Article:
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House Dems Press for Hearing on West Virginia Chemical Spill House Dems Press for Hearing on West Virginia Chemical Spill

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House Dems Press for Hearing on West Virginia Chemical Spill

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Rep. Henry Waxman said a chemical spill exposed gaps in federal oversight.(Alex Wong/Getty Images)

A top House Democrat is urging the chamber's GOP majority to hold a hearing on the West Virginia chemical spill that left hundreds of thousands of people unable to use tap water in recent days.

The request from Rep. Henry Waxman, the top Democrat on the House Energy and Commerce Committee, shows that the accident will likely influence political battles over the scope of federal chemical regulation.

 

"Late last week, residents of nine counties in West Virginia learned that their water supply had been contaminated with a toxic chemical for which emergency responders and regulators had precious little information," the California Democrat and a colleague said in a letter Monday.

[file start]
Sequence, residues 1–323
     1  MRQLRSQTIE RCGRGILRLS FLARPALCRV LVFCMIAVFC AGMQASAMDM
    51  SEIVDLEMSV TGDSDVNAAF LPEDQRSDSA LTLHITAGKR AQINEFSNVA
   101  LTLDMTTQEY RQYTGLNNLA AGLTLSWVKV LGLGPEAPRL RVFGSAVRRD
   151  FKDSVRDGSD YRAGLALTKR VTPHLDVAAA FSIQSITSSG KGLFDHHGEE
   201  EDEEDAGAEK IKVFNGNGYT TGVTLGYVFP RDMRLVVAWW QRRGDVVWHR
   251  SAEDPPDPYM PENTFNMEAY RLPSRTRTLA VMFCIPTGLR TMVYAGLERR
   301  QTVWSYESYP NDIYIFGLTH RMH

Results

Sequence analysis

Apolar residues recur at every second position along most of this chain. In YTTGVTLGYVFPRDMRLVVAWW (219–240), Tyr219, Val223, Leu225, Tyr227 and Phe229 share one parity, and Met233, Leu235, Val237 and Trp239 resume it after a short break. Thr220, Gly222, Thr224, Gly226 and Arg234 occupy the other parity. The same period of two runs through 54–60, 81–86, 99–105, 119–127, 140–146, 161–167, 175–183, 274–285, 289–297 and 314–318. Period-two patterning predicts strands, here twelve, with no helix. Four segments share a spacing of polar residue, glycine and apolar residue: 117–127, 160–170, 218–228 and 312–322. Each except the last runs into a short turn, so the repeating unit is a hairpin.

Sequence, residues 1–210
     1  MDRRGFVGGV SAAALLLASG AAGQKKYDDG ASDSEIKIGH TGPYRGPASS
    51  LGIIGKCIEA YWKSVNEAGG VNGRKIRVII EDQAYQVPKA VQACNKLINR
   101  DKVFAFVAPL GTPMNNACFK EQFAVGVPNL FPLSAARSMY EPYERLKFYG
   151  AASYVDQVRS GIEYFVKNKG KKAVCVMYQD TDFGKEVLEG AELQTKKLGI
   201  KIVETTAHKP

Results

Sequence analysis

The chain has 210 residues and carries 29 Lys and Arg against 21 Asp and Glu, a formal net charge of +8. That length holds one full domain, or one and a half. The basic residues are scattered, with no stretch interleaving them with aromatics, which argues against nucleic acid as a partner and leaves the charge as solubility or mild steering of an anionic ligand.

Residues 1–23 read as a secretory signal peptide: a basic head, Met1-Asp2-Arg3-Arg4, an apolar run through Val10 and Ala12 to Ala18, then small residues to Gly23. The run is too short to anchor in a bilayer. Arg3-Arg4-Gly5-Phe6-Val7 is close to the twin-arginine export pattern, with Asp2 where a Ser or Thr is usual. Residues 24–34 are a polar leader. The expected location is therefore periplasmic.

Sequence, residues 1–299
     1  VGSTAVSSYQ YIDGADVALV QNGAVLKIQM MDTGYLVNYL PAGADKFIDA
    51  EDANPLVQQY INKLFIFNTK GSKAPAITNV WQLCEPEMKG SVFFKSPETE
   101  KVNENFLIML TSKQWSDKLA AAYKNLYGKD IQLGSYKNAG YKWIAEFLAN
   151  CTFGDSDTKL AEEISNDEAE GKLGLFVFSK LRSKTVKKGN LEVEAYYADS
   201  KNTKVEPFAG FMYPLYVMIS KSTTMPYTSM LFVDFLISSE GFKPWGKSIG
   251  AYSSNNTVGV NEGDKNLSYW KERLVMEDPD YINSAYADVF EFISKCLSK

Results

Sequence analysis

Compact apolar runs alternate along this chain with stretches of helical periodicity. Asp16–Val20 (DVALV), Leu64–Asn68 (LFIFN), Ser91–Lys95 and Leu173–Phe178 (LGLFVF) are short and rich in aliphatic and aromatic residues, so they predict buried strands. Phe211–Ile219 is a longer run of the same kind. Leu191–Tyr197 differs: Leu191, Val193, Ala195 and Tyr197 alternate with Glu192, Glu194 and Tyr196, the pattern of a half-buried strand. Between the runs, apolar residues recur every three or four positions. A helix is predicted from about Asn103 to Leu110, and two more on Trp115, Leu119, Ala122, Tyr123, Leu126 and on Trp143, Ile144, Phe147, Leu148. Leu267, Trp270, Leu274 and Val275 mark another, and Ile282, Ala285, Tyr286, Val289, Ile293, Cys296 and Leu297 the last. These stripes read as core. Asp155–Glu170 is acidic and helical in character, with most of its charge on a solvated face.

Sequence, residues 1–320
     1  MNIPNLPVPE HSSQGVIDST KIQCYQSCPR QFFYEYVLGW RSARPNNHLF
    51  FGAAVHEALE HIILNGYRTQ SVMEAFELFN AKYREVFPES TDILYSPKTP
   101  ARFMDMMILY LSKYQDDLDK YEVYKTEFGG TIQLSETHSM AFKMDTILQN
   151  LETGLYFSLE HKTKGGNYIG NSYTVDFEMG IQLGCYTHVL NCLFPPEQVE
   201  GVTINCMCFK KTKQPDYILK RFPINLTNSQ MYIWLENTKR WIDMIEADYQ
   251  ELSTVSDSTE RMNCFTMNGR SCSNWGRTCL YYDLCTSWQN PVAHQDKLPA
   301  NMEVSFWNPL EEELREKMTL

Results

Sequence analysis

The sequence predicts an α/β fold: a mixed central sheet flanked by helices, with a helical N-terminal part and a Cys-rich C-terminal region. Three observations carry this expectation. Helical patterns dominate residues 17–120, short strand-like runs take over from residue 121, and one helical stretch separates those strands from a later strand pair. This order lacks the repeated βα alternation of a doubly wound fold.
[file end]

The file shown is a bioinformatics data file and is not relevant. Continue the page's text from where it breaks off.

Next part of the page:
"We are writing to request that you immediately schedule a hearing to examine the regulatory gaps that this incident has exposed in the nation's toxic-chemical-control laws," adds the letter from Waxman to Rep. John Shimkus, R-Ill., chairman of the Subcommittee on Environment and the Economy.

A spokeswoman for Energy and Commerce Committee Republicans, in a statement, did not say directly whether a hearing would occur.

 

"The committee is actively monitoring the federal investigation and working to fully obtain the facts surrounding the situation," spokeswoman Charlotte Baker said.

Efforts to toughen Environmental Protection Agency chemical oversight under the Toxic Substances Control Act have failed to advance on Capitol Hill for years, but some environmentalists are using the accident to revive calls to strengthen the law.

The letter from Waxman and Rep. Paul Tonko, D-N.Y., urges Shimkus to hold a hearing on the spill and "its relevance to the committee's consideration of TSCA reform legislation."

West Virginia officials began lifting water use restrictions Monday, five days after a chemical used in coal processing called 4-methylcyclohexane methanol seeped into the Elk River from a plant in Charleston.

 
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